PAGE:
DENVER– A Colorado youth symphony played the national anthem to open the Colorado Senate this morning, the gavel bang marking the start of a legislative session that will be characterized by extraordinary wrangling over the recession-constrained budget in a heated election year.
Speaking before the Senate, state Rep. David Balmer, R-Centennial, lightheartedly highlighted the difference between the General Assembly’s refined upper chamber of myth and the equally mythic hard-scrabble House of Representatives on the other side of the building.
“We always thought the Senate was just fiddling around,” he said.
Senate President Brandon Shaffer, D-Longmont, called for bipartisan cooperation.
“Every day Colorado families and small businesses grapple with the effects of the recession… The gravity of our circumstances demands unity of purpose. This session is not about platitudes. It is about getting the job done.”
Shaffer said Democratic lawmakers planned to create job-retraining accounts that included tax benefits; consolidating loan programs for health-care professionals who serve rural communities; and increased renewable energy standards to encourage investment in technologies and efficiency. He also noted that he and Sen. Minority leader Josh Penry, R-Fruita, would be moving forward on their plan to overhaul the Public Employees Retirement Association (PERA) plan.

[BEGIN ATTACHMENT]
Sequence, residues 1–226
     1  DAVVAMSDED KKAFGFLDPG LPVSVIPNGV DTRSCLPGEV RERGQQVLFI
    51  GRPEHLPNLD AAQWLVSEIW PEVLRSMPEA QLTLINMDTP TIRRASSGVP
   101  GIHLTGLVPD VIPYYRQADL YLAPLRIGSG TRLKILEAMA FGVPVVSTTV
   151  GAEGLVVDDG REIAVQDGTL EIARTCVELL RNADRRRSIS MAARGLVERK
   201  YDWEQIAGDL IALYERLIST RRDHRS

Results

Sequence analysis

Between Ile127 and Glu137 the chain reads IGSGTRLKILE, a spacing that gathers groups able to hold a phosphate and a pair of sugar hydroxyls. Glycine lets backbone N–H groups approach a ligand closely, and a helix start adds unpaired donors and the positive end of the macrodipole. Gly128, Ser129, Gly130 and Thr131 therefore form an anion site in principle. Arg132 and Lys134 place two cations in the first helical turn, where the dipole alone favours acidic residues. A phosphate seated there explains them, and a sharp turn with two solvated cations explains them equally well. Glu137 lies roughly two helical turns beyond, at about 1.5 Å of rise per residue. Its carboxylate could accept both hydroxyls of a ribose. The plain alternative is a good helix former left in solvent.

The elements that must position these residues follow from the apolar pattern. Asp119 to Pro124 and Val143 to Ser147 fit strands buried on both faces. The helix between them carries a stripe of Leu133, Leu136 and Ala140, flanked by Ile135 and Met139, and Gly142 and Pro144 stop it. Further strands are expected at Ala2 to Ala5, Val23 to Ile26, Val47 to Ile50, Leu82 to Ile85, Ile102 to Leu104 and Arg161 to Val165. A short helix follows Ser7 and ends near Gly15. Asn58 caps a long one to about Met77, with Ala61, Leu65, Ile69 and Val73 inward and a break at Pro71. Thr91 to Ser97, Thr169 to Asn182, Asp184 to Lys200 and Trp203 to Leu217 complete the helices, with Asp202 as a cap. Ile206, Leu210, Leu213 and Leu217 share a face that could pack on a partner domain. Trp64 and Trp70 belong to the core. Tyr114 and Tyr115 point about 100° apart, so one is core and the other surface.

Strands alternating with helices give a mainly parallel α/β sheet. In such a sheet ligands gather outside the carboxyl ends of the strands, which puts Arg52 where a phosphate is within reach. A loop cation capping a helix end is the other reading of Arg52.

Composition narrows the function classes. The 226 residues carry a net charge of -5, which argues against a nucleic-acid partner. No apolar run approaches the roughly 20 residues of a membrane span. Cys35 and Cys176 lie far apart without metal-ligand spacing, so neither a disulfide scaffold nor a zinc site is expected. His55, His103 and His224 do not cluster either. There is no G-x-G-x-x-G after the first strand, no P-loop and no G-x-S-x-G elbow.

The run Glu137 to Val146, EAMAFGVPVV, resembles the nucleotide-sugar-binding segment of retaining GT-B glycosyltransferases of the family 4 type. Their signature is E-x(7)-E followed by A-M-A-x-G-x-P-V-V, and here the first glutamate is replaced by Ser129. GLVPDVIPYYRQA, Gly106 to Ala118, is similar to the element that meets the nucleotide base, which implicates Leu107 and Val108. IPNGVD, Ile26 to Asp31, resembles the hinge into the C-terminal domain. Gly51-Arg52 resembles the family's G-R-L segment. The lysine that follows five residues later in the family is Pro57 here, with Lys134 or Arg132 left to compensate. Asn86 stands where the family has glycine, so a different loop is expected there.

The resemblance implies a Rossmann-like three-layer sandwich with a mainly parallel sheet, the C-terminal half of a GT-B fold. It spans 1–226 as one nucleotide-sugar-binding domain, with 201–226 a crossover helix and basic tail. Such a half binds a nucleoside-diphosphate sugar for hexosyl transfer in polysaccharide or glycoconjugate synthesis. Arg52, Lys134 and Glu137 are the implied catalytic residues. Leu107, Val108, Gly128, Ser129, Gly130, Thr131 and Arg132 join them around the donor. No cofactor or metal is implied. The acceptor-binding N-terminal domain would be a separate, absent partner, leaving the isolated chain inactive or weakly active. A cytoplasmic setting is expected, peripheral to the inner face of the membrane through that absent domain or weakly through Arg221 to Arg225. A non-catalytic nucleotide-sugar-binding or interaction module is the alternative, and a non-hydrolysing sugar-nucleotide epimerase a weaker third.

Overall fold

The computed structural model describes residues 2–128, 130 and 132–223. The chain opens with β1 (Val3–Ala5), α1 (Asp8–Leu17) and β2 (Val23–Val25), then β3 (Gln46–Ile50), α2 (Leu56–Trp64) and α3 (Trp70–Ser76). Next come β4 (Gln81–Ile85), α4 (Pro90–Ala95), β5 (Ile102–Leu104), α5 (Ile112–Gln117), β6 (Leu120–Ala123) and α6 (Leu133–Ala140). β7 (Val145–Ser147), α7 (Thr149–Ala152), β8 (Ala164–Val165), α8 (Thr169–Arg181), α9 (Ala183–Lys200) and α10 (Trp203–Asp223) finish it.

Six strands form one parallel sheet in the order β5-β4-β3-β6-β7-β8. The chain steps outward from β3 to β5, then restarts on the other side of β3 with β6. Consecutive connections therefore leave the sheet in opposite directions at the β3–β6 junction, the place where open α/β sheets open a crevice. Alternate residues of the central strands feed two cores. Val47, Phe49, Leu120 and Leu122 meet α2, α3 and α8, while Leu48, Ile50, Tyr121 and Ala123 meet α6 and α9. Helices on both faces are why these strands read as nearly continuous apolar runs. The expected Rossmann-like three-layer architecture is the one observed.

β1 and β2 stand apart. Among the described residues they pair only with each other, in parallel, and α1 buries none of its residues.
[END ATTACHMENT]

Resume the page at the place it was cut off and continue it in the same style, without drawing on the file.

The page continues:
Penry made light of his his recent run for governor.
“At least I got that out of my system before the new year.”
Penry said many Republicans would like to see the PERA plan transitioned into a 401k program, comparing the bold idea to what he saw as the bold desire of many Democrats to continue to support cost of living increases to current retirees.
“Given these strange-bedfellow dynamics, you don’t have to be a statistician to understand that PERA reform could fail in this General Assembly… We can not let that happen.”
Penry outlined his agenda for what House Speaker Terrance Carroll, D-Denver, referred to this week as the “Epic [legislative] session.”
Penry opposes some of the budget fixes proposed by Democrats, for example, including the elimination of tax-incentivized enterprise zones and sales tax exemptions for energy used for manufacturing. He said it was time to give higher education boards of governors more power to run their universities. And he called for a voter-referendum that would make it more difficult to change the state Constitution.
It was a couple hours into the day and the sound of the youth symphony strings had already long faded.